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Southern Historical Society Papers, Volume 11. (ed. Reverend J. William Jones), General Beauregard's report of the battle of Drury's Bluff. (search)
exas. He was greeted with cheers, and his carriage escorted by the military and the crowd to the Brunswick hotel. Here a reception speech was made by Senator W. H. Burgess (Private Burgess, of Hood's old Brigade), so touchingly eloquent that General Fitz. filled up, and could scarcely find words with which to reply; but his tears were more eloquent than words could have been. We were driven around this beautiful city, and shown all points of interest, escorted to the Capitol and introducedand had (as courier for his father, the gallant General R. L. T. Beale, who carried into the Ninth Virginia Cavalry his four sons, and made with them a proud record for gallantry and faithful discharge of duty) been frequently under the eye of General Fitz. in some of the most daring exploits of his troopers. Judge Beale had, the day before, shown his interest in the occasion, by saying to the bar and all others concerned: The court stands adjourned until day after to-morrow, gentlemen. Gen
Southern Historical Society Papers, Volume 11. (ed. Reverend J. William Jones), Editorial Paragraphs. (search)
exas. He was greeted with cheers, and his carriage escorted by the military and the crowd to the Brunswick hotel. Here a reception speech was made by Senator W. H. Burgess (Private Burgess, of Hood's old Brigade), so touchingly eloquent that General Fitz. filled up, and could scarcely find words with which to reply; but his tears were more eloquent than words could have been. We were driven around this beautiful city, and shown all points of interest, escorted to the Capitol and introducedand had (as courier for his father, the gallant General R. L. T. Beale, who carried into the Ninth Virginia Cavalry his four sons, and made with them a proud record for gallantry and faithful discharge of duty) been frequently under the eye of General Fitz. in some of the most daring exploits of his troopers. Judge Beale had, the day before, shown his interest in the occasion, by saying to the bar and all others concerned: The court stands adjourned until day after to-morrow, gentlemen. Gen
Southern Historical Society Papers, Volume 11. (ed. Reverend J. William Jones), Editorial Paragraphs. (search)
ion of Missouri, at Jefferson City, August the 28th, and to repeat his lecture on Chancellorsville, for the benefit of the Southern Historical Society, at such points in Missouri as General Marmaduke may arrange for. Friends in Missouri, or Kentucky, or Arkansas, who desire to have General Lee's lecture, would do well to correspond at once with this office, or with General John S. Marmaduke, St. Louis, Mo. We are hoping for another successful tour with our gallant and accomplished friend, General Fitz. in our Acknowledgement of courtesies in our last number, we inadvertently omitted the name of J. F. Crosby, Vice-President and General Manager of the Texas and New Orleans and Louisiana Western Railways, whose cheerfully extended courtesy over his splendid Crescent Route was warmly appreciated. And we had purposed extending our very special thanks to our old friend Colonel J. G. James, President of the Texas Military College, who rendered invaluable aid in arranging the programme of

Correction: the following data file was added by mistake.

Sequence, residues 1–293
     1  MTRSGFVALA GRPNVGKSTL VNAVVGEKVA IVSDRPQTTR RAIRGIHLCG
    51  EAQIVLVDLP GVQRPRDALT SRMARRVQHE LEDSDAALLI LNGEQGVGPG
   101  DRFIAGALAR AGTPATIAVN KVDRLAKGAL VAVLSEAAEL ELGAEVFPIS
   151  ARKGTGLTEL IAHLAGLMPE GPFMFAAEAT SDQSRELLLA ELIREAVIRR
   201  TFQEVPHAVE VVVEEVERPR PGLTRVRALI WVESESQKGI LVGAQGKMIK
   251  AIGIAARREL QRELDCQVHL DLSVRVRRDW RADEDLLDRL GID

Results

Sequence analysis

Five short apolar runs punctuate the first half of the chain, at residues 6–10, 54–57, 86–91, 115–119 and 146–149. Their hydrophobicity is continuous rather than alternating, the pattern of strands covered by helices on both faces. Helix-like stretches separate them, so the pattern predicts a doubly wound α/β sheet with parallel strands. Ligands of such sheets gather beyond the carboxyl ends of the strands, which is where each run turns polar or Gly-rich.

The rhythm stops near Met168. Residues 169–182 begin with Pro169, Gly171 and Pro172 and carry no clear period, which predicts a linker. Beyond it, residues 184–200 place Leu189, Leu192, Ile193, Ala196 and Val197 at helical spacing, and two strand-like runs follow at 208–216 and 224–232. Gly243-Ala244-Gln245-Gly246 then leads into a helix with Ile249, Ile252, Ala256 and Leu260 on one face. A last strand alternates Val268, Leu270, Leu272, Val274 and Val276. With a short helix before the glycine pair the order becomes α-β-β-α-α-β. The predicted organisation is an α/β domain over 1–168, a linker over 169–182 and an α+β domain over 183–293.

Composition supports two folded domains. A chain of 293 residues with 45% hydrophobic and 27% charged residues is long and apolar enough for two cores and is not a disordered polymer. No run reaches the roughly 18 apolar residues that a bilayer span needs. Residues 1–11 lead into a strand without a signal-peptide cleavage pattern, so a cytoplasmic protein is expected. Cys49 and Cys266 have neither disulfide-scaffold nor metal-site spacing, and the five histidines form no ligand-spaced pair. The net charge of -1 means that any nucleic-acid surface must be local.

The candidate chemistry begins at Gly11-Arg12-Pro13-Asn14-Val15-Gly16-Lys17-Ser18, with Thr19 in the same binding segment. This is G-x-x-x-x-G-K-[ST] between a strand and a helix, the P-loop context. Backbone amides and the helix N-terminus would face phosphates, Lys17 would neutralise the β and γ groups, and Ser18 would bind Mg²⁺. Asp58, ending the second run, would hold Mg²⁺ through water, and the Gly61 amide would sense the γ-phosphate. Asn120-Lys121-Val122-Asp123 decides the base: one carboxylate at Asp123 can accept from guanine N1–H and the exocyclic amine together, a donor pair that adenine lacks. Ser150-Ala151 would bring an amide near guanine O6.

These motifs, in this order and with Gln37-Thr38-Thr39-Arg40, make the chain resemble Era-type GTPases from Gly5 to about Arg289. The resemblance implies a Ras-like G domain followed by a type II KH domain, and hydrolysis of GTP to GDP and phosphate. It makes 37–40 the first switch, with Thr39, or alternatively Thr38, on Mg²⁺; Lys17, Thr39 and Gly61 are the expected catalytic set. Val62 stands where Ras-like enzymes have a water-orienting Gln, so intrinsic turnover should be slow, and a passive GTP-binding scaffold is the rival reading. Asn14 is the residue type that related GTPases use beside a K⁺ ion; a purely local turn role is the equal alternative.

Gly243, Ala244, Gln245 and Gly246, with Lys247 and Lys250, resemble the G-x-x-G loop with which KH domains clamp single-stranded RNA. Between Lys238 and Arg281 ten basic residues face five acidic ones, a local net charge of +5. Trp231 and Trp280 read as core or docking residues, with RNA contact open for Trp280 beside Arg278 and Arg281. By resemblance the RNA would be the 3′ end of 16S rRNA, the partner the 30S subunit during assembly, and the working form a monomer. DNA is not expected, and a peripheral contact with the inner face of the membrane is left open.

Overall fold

Southern Historical Society Papers, Volume 11. (ed. Reverend J. William Jones), chapter 54 (search)
ruly sad and distressing though to witness the frequent piles of wagons and mules that in many places blockaded the roads. In several places I saw as many as four wagons, with their teams, drivers and bales of hay, all piled together indiscriminately in a gully, with the poor mules stretched upon the ground beneath the wagons, struggling in vain against the heavy burden and strong harness that held them, sufferers, in their places. Returning to Rockville from the charge, we were joined by Fitz. Lee, who had been operating on a different road, and who brought with him many prisoners, among them a great many contrabands, some of whom were recognized and claimed. There were some known to me, among whom was one of Uncle Tom's, two of F. W. Cox's, one of J. W. Branson's, besides several free negroes. From Rockville we continued the march towards the Baltimore and Ohio railroad; traveled all night, and crossed the track, a part of which we destroyed next morning. This day we trave
Southern Historical Society Papers, Volume 11. (ed. Reverend J. William Jones), Unveiling of Valentine's Recumbent figure of Lee at Lexington, Va., June 28th, 1883. (search)
the inner country, and renew the unequal strife? Not till that hope is tested will they yield! As the day dawns, a remnant of the cavalry under Fitz. Lee is forming, and Gordon's infantry, scarce two thousand strong, are touching elbows for the last charge. Once more the thrilling rebel cheer rings through the Virginia woods, and with all their wonted fierceness they fall upon Sheridan's men. Ah! yes, victory still clings to the tattered battle-flags. Yes, the troopers of our gallant Fitz. are as dauntless as when they followed the plume of Stuart, the flower of cavaliers. Yes, the matchless infantry of tattered uniforms and bright muskets under Gordon, the brave, move with as swift, intrepid tread as when of old—Stonewall led the way. Soldiers of Manassas, of Richmond, Sharpsburg, Fredericksburg, Chancellorsville, Gettysburg, of the Wilderness, of Spotsylvania, of Cold Harbor, of Petersburg—scarred and sinewy veterans of fifty fields, your glories are still about you, your